- skanky (adj.)
- "ugly, unattractive" (originally of women), by 1965, U.S. Black slang; see skank.
- skat (n.)
- card game, 1864, from German Skat (by 1838), from earlier scart (said to have been a term used in the old card game called taroc, which was of Italian origin), from Italian scarto "cards laid aside," which is said to be a back-formation from scartare, from Latin ex- "off, away" + Late Latin carta (see card (n.1)). The German game is perhaps so called because it is played with a rump deck, or because two cards are laid aside at the start of the game, or because discarding is an important part of the game. Cf. French card game écarté, literally "cards removed."
- skate (n.1)
- "type of flat, cartilaginous fish, a kind of ray," mid-14c., from a Scandinavian source, cf. Old Norse skata "skate," Danish skade, Faeroese skøta, of unknown origin.
- skate (n.2)
- "ice skate," 1660s, skeates "ice skates," from Dutch schaats (plural schaatsen), a singular mistaken in English for plural, from Middle Dutch schaetse. The word and the custom were brought to England after the Restoration by exiled followers of Charles II who had taken refuge in Holland.
The Dutch word is from Old North French escache "a stilt, trestle," related to Old French eschace "stilt" (French échasse), from Frankish *skakkja "stilt" or a similar Germanic source (cf. Frisian skatja "stilt"), perhaps literally "thing that shakes or moves fast" and related to root of Old English sceacan "to vibrate" (see shake (v.)). Or perhaps [Klein] the Dutch word is connected to Middle Low German schenke, Old English scanca "leg" (see shank). Sense alteration in Dutch from "stilt" to "skate" is not clearly traced. Sense in English extended to roller-skates by 1876. Meaning "an act of skating" is from 1853.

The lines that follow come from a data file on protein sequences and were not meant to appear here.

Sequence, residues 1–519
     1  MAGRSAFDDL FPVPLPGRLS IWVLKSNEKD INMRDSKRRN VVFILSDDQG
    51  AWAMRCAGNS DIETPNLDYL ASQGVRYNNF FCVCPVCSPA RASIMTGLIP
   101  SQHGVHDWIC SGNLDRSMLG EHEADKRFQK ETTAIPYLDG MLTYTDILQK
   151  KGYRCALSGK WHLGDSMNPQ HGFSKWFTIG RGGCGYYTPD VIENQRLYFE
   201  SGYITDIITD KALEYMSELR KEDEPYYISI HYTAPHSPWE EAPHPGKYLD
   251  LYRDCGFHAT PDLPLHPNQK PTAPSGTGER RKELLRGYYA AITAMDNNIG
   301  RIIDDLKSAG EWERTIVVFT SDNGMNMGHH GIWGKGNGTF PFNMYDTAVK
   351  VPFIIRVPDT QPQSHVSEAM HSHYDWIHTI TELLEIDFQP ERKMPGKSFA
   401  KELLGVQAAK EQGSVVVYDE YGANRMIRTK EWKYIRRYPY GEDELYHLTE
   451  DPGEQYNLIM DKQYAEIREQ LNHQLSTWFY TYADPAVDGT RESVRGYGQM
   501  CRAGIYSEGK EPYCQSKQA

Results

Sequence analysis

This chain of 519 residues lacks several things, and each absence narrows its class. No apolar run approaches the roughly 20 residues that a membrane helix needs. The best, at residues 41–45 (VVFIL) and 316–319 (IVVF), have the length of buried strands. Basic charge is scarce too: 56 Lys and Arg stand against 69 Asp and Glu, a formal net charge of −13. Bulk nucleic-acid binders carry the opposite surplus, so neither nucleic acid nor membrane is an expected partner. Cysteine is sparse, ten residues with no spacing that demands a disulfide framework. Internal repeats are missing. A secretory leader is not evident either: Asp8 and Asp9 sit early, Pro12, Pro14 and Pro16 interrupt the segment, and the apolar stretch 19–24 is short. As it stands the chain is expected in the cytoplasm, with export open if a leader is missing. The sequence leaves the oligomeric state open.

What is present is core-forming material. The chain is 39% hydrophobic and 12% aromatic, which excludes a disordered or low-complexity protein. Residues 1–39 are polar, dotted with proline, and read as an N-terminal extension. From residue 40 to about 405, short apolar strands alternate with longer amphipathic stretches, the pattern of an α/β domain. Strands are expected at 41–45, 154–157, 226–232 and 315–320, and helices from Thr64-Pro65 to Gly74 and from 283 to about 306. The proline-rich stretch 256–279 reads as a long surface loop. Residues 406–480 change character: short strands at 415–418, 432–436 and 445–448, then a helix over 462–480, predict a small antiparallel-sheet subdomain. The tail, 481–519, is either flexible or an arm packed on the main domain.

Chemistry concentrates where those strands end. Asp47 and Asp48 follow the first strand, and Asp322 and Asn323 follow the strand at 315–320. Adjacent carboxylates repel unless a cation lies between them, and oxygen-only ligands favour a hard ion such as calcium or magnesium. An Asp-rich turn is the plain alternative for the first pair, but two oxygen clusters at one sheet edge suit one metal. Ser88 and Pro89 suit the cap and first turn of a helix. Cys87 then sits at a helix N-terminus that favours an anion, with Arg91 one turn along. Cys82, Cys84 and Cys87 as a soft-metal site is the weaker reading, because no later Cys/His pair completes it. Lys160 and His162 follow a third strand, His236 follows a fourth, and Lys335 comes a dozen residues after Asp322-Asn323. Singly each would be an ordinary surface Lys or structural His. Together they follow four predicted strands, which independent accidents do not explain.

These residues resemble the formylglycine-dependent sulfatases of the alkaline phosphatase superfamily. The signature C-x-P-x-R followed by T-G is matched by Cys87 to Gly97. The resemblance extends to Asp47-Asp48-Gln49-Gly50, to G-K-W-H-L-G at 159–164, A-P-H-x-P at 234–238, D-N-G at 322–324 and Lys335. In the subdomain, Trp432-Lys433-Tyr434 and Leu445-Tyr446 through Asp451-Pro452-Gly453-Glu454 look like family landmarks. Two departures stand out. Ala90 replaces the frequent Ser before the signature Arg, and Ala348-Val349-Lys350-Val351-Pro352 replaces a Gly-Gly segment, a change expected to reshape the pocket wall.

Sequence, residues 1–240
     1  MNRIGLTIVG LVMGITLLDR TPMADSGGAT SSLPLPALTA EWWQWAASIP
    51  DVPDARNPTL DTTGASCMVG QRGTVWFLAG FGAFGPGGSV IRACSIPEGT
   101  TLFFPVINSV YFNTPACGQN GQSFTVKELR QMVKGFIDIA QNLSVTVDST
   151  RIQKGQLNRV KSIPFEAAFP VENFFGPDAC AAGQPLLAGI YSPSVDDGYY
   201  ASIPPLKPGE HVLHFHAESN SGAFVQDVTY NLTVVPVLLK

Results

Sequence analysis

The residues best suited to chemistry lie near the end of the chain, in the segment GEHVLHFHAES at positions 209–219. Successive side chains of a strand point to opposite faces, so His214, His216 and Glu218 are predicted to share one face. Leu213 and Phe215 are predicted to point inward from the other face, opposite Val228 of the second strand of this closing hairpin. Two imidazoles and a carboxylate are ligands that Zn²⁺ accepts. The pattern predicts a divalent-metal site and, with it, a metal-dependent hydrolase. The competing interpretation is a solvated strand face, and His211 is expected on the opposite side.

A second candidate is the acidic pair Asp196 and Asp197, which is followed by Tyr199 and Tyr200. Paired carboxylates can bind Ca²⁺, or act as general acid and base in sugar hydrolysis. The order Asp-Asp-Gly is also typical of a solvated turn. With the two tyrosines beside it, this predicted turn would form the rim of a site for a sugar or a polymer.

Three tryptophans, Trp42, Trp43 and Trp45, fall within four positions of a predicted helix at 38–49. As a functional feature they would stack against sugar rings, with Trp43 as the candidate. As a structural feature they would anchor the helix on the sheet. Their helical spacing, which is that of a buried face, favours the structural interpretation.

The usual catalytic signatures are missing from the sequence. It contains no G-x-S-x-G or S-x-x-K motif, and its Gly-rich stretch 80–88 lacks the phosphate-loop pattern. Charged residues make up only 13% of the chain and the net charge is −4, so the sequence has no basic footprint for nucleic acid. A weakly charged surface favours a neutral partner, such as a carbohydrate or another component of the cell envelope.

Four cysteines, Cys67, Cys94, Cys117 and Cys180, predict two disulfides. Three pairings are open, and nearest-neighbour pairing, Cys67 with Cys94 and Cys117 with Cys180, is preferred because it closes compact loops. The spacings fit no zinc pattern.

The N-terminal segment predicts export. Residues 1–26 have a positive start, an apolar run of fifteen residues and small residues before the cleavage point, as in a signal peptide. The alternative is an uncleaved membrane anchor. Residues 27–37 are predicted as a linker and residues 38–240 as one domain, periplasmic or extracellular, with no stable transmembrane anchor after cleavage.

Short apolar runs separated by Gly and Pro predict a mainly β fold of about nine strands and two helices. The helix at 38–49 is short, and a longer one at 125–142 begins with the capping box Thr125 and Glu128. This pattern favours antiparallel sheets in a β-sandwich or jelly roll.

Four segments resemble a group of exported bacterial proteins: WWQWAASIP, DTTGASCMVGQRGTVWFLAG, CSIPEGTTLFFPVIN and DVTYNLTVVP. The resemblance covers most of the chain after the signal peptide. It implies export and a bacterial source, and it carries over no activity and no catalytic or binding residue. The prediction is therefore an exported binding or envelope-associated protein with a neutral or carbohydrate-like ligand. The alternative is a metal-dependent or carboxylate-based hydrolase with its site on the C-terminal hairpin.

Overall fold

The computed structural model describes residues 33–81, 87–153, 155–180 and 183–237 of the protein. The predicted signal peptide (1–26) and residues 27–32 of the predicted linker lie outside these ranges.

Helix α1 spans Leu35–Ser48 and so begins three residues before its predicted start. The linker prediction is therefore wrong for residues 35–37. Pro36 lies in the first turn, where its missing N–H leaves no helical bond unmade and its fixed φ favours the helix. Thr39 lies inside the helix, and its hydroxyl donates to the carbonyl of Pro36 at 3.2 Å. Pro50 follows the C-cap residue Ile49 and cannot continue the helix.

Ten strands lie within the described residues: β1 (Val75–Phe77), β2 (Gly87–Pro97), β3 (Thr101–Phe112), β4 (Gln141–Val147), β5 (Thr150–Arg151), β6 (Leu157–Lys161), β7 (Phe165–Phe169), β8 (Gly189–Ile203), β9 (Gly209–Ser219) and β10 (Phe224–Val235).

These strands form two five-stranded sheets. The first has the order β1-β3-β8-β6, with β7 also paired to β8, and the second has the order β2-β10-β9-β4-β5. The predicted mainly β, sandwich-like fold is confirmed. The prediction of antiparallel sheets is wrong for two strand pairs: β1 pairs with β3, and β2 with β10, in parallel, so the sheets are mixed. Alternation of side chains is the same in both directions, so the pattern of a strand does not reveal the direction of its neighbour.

- skate (v.)
- 1690s, "to ice-skate," from skate (n.2). U.S. slang sense of "to get away with something" is attested from 1945. Related: Skated; skating.
- 1964, noun and verb, from skate (v.) on model of surfboard. The phenomenon began c.1963 in southern California and was nationwide the following summer.
Skateboarding requires only a tapered piece of wood flexibly mounted on roller-skate wheels and a stretch of pavement -- preferably downhill and away from traffic. ["Life," June 5, 1964]
- skater (n.)
- 1700, "one who ice-skates," agent noun from skate (v.). Extended to skateboarders by 1977.
- sked (n.)
- short for schedule, student slang from 1929.
- skedaddle (v.)
- "to run away," 1861, American Civil War military slang, of unknown origin, perhaps connected to earlier use in northern England dialect with a meaning "to spill." Liberman says it "has no connection with any word of Greek, Irish, or Swedish, and it is not a blend" [contra De Vere]. He calls it instead an "enlargement of dial. scaddle 'scare, frighten.'" Related: Skedaddled; skedaddling. As a noun from 1870.
- Skee-Ball (n.)
- 1909, proprietary name (Skee-Ball Alley Company, Philadelphia, Pa., U.S.), the first element said to represent the old alternative spelling of ski (v.).